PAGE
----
Starting to invest in real estate can feel exciting and, honestly, a little paralyzing. There is so much to understand! But, don’t let that stop you. You don’t need to be an expert or have any particular professional background to begin investing in real estate. More than likely, the career skills you already have will translate. Whether you are a “people-person” or an analyzer, real estate investing gives you the opportunity to let your expertise shine. However, it can be overwhelming to know just where to begin. Let’s take it one step at a time.
Beginning Your Real Estate Investing Future
Make the decision to just do it.
If you are on the fence, you’ll want to consider the pros and cons of whether real estate investing is right for you. It’s not the path for everyone but for those who commit to their own success and are willing to put in the elbow grease, the rewards can be high. Take stock of your business strengths and consider how to leverage them to create a future with more financial potential.
Select your niche and strategy.
There are so many ways to get involved in real estate— without even needing a license. Those who are more risk-averse may dip their toes in Real Estate Investment Trusts, or REITs, versus private real estate investing. However, the biggest opportunities tend to be in single-family residential houses with an eye toward acquiring distressed properties. Even in an uncertain market, it is possible to find fixer upper homes and expect reasonable returns.
Set your business goals.
Whether you see yourself investing part-time or making a full-time career out of it, you need to have a clear idea of your goals. Making a business plan allows you to envision those goals and create a roadmap of how you are going to meet them. Write down the details of what properties you intend to invest in and how you are going to buy them. Show that you understand local market trends and the specifics of how you will buy properties with the best return-on-investment.
Expanding on Your Momentum
Learn the ropes.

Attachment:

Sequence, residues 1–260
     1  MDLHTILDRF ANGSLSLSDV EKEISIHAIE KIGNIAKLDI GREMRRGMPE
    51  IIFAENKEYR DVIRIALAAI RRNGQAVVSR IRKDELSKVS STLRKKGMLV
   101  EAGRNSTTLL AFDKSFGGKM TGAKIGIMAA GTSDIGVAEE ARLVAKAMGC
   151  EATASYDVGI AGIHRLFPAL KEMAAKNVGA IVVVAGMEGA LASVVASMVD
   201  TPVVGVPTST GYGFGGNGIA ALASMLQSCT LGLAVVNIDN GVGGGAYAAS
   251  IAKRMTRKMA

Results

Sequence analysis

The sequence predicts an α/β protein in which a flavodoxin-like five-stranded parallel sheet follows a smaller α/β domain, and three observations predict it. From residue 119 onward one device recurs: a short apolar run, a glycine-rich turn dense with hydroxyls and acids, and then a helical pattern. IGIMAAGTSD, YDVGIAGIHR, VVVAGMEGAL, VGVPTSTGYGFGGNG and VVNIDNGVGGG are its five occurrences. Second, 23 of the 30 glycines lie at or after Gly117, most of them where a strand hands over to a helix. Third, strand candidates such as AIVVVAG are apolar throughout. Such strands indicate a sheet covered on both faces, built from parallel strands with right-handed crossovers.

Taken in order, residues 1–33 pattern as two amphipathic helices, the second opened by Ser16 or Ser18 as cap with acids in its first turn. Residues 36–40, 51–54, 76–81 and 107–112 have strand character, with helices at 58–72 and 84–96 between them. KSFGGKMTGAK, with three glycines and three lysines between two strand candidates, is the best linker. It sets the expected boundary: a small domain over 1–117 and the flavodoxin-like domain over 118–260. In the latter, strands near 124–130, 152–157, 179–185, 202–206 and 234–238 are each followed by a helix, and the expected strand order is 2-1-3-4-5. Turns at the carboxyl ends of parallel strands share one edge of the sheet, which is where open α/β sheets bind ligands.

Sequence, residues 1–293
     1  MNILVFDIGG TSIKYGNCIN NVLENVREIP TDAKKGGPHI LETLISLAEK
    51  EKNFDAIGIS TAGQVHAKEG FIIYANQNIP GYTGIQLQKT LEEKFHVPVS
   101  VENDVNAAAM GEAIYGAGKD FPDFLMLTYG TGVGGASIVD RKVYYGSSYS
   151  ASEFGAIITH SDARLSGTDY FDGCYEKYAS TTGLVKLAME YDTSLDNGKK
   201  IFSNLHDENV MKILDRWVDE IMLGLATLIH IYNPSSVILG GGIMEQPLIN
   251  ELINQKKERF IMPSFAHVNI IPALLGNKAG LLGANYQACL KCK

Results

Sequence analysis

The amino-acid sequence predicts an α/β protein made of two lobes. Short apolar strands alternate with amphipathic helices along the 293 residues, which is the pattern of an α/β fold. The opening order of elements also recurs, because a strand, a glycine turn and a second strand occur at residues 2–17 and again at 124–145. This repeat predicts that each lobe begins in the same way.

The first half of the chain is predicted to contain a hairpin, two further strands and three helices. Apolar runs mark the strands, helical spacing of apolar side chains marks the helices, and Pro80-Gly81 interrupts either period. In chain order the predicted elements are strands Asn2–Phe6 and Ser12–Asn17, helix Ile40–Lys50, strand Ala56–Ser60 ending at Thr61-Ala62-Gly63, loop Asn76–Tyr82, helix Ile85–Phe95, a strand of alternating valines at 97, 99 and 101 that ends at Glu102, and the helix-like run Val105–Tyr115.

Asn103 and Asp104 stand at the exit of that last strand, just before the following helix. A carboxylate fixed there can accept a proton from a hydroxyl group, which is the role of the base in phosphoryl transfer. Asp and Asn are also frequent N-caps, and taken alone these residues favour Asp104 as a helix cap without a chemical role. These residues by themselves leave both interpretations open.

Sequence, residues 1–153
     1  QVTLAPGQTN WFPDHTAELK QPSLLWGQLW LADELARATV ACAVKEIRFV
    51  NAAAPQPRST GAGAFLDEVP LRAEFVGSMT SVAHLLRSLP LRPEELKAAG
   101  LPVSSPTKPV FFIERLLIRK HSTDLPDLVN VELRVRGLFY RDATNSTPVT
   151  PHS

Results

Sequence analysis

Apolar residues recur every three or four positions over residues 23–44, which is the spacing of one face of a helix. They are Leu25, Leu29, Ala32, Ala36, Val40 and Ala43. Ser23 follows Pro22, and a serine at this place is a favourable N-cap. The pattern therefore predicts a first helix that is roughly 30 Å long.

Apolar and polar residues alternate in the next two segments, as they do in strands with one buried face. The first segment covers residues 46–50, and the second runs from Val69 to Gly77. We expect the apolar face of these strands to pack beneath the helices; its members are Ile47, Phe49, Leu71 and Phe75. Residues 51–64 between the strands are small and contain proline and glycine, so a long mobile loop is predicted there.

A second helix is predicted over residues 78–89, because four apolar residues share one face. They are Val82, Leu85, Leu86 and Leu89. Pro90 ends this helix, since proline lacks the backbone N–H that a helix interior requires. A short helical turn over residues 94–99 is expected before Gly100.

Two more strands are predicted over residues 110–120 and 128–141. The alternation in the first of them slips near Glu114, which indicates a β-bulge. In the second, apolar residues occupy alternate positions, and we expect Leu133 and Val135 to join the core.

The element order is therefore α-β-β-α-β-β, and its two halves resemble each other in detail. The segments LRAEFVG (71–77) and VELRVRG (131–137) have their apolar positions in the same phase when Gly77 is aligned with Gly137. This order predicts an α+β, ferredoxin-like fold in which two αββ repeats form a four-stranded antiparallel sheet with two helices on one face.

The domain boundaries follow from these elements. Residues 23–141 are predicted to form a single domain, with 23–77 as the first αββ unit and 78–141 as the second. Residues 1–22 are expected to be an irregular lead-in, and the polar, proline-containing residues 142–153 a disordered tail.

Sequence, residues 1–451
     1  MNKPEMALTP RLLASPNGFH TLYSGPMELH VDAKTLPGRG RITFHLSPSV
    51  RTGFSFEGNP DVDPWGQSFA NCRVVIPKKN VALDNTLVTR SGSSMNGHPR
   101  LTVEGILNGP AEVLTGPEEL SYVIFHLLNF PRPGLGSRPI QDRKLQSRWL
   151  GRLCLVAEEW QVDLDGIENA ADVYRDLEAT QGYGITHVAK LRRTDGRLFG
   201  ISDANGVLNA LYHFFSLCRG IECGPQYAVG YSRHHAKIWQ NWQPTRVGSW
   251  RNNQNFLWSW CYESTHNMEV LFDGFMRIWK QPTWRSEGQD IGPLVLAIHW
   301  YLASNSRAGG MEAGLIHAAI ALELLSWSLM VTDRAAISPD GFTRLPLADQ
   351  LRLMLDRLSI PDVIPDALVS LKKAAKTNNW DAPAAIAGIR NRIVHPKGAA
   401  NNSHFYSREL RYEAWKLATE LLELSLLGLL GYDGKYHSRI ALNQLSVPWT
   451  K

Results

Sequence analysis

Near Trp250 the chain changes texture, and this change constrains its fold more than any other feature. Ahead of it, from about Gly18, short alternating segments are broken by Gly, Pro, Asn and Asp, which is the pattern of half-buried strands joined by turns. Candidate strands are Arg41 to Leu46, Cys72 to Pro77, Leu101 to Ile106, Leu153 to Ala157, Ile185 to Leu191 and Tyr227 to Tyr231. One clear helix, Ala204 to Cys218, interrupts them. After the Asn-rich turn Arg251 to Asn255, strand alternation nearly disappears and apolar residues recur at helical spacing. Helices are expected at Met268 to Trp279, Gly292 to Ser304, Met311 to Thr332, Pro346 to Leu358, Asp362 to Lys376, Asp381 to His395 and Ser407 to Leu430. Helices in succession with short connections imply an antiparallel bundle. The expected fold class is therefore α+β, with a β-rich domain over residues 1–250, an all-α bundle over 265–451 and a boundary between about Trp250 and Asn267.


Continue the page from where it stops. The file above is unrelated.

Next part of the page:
You may become overwhelmed with all the options for real estate investor training and education. There are plenty of people and companies out there that want to make a buck by spoon feeding unsuspecting newbies discount property purchase knowledge at exorbitant prices. Of all that’s out there, the most comprehensive real estate investment training is provided by HomeVestors. It covers the practical nuts and bolts of the business and doesn’t leave you wondering how to actually implement your new knowledge.
Develop your network.
You’ll need a line-up of professionals to back your business. Start asking around now to find reputable contractors as well as a real estate agent. In addition, it is helpful to establish some mentor relationships when you first start out in real estate investing. Many new investors seek out real estate investing clubs to find more experienced professionals who can lend advice. Beware, however, that they are actually your competitors and will likely hold their secrets close to the vest.
Unlike other real estate investing business models, however, HomeVestors® franchisees generally work together and not against one another, pooling forces and resources for marketing and lead generation. In addition, each new franchisee is paired with a dedicated Development Agent who has experience in your regional market.
This is perhaps the biggest challenge for new real estate investors. You need to know who and where your target market is and how to let them know you are interested in their property. For instance, if you want to invest in distressed homes, you might get to know about local tax lien auctions or develop a relationship with a real estate agent who specializes in foreclosures.
Some investors buy lead lists to find motivated sellers. However, sorting through these lists and creating an outreach campaign via direct mail or even cold-calling can be time-consuming. Moreover, this strategy tends to be very competitive and has a low conversion rate.
It is always best to design a marketing strategy that makes the leads come to you directly. For some ideas about how to implement such a game plan, check out the most effective nationwide real estate investing marketing tools by HomeVestors.
Ready, Set, Invest!
Even if you don’t have cash on hand, there are lots of ways to get seed money for your first real estate investment. Many new investors leverage assets they already own, such as their IRA. Beware, however, that this requires special documentation. Others will take out a bank loan that is specifically for buying and rehabbing a house, like the 203(k) or Fannie Mae Homestyle loan. If you already have some contacts in the real estate investing world, you may be able to access hard money lenders. As a beginner, however, be prepared to show them your credibility kit.
Negotiate with the seller.